The most common issue gym-goers have is that it’s hard to fit workouts in during the holidays. On top of that, this is known to be the most stressful time of the year because of all the shopping and deciding the perfect gift for your loved ones, hosting and attending family parties, home decorating, and other events during this time of year. Moreover, the cold weather and snow seem to add to people’s stress levels and make it even harder to make it to the gym. Unfortunately we can not avoid the extra responsibility we must take on along with work and other life events during this time, therefore we must attack this stress head-on in order to remain calm and actually enjoy the holidays while still taking care of ourselves and our wellness.`
One of the first and most important aspects to dealing with stress is to write your tasks and goals down on a piece of paper (or in your phone) in order ease the mind knowing that your thoughts and responsibilities are organized and physically present for you to remember. You have to head to the mall for Christmas shopping, pick up your kids at school and then have a holiday party in the evening, but you still want to fit in an exercise somewhere? Map out your day the night before so that you can fit in enough time to exercise.
If you are like most people, the mental and physical benefits of exercise are important to you; missing your routine workouts can make you angry and feel unaccomplished. According to a study done at the University of Liverpool, aerobic exercise training has antidepressant and anxiolytic effects which helps protect against harmful consequences of stress (Effects of Physical Activity and Exercise Training). These findings can be credited to improved blood circulation throughout the body including the brain, lowered blood pressure, and improved production of endorphins (neurotransmitters that act as chemical messengers). Exercise can regulate and improve the release of serotonin and dopamine, which are two hormones that play a heavy role in our mood, as well as, lower the production of adrenaline (fight or flight sympathetic response)—which at too high of levels can negatively effect our stress levels. Therefore, skipping your workouts will only add to your stress levels, so make sure to prioritize your cardio training!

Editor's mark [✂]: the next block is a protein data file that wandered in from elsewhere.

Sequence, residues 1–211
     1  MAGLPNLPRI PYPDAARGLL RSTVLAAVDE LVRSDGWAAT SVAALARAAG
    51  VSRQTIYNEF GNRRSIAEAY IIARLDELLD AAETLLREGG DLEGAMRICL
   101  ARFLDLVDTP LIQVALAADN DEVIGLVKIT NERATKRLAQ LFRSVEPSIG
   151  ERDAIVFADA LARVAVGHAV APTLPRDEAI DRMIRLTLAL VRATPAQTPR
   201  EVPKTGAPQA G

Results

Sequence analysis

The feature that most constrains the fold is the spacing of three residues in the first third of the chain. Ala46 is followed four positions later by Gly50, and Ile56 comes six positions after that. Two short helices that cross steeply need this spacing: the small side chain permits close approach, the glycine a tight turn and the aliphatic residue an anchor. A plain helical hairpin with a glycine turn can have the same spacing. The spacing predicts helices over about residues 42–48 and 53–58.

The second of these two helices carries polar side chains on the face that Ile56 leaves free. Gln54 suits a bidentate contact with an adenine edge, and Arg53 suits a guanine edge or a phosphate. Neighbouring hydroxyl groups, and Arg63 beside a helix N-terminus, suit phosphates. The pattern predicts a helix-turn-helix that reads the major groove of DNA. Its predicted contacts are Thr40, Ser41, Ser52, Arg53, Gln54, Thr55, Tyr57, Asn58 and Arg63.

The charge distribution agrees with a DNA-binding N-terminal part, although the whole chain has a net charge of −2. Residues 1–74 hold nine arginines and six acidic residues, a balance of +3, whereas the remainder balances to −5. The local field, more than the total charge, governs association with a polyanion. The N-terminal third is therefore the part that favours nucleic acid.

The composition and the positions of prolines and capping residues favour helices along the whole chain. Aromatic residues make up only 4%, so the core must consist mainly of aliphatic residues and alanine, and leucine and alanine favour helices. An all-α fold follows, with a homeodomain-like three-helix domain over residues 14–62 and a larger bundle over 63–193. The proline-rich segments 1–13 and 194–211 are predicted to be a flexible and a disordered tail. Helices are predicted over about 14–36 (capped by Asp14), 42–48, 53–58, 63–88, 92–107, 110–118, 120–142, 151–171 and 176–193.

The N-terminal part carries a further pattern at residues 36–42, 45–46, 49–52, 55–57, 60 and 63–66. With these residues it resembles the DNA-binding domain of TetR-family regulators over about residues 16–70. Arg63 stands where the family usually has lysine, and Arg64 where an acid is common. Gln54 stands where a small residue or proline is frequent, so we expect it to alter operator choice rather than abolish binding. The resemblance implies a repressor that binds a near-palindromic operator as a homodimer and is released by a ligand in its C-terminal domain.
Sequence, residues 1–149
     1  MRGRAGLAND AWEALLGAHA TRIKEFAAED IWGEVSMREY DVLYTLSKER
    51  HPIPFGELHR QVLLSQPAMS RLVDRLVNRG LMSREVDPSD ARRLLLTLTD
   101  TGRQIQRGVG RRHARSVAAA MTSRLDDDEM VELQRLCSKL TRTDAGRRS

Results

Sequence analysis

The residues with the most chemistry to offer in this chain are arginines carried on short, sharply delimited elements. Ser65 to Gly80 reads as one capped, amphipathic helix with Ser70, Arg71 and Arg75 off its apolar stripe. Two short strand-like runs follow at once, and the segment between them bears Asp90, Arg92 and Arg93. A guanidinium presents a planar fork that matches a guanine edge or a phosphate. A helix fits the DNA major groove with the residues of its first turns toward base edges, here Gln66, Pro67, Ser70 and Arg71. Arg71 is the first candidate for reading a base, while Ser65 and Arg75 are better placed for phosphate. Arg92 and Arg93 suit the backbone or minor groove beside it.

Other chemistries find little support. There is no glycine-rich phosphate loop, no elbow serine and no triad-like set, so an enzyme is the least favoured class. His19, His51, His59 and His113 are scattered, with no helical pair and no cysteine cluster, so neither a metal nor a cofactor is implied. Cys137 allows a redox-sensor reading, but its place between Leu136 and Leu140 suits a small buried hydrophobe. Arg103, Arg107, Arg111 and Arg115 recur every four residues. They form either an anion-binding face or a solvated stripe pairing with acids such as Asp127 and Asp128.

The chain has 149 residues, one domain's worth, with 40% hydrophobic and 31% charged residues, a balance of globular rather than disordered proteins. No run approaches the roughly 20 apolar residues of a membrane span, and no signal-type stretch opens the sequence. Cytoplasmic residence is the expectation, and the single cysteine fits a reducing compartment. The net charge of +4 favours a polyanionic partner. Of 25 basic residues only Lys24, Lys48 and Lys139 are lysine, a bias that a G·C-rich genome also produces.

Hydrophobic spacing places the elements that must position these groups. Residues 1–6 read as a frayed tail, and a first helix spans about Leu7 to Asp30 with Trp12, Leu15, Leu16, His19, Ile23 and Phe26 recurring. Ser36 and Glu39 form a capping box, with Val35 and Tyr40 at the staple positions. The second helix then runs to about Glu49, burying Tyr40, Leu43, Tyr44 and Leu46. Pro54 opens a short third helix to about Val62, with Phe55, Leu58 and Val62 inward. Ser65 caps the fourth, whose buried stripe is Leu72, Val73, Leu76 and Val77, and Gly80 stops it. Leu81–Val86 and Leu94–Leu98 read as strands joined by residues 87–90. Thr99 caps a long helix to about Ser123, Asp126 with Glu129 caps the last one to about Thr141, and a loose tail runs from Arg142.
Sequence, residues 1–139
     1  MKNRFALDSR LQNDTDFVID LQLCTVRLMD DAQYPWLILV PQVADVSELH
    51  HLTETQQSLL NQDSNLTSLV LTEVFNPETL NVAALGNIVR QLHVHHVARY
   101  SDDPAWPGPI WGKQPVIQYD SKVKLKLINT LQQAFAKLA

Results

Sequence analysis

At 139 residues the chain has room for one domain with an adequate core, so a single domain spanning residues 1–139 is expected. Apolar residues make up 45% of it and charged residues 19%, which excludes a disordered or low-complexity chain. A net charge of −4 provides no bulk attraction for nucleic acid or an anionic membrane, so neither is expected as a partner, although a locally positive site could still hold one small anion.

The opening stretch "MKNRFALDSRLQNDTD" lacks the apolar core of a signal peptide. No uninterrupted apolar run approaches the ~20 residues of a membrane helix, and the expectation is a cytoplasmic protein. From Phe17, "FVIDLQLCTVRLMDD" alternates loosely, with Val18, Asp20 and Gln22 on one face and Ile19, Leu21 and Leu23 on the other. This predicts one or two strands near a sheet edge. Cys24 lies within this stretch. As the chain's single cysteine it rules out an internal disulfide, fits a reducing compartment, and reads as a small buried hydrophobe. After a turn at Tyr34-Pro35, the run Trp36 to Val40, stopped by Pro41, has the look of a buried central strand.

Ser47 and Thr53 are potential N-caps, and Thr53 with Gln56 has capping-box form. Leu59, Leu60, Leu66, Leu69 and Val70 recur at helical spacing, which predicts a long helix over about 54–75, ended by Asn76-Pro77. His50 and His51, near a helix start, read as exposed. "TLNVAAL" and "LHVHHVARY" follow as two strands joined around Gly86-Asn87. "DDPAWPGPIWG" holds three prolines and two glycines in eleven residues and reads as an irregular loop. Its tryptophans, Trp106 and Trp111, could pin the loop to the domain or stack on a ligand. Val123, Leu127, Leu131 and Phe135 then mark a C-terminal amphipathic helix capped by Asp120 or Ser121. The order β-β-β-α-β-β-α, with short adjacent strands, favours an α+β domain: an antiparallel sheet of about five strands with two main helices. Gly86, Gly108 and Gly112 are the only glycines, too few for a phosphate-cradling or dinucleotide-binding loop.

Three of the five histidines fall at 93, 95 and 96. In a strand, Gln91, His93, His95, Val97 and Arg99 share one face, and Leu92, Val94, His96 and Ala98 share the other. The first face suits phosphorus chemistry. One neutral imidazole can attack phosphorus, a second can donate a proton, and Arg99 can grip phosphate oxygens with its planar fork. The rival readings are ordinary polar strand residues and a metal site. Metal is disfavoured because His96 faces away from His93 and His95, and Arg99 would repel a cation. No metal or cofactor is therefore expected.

Another effective way to deal with holiday stress is to practice yoga (take a class, have your physiologist teach you, or watch an instructional video online). In reality, yoga is mostly a combination of different stretches, postural corrections and functional movements to ease tension and relax the muscles of the body—so basically a good 10-20 minute session of stretching and deep breathing will do the trick. The most effective way to use yoga/stretching to ease stress would be to either start your day or end your day by stretching—but stretching at any point in the day is much better than nothing. Muscle tension, especially along the neck, can play a big role in effecting your mood and making you irritable. If you have any specific injuries along the neck or spine you should check with your doctor to see if you’re eligible for physical therapy or need to see a specialist, but if you are just tense or tight, try some of these stretches at home in a very slow manner to see if they help. Remember to always listen to your body! Muscle tension anywhere in the body may increase your stress, so find out where your muscles are the most tight, and ask a physiologist at Peak how to stretch out those muscles!
Follow this link for some helpful stretches to help relieve neck pain!
—By Anthony Locast
Salmon, Peter. “Effects of physical exercise on anxiety, depression, and sensitivity to stress: a unifying theory.” Clinical psychology review 21.1 (2001): 33-61.
“The Effects of Physical Activity and Exercise Training on Psychological Stress and Well-Being in an Adolescent Population.” Journal of Psychosomatic Research, Elsevier, 29 May 2002, www.sciencedirect.com/science/article/pii/002239999290114H.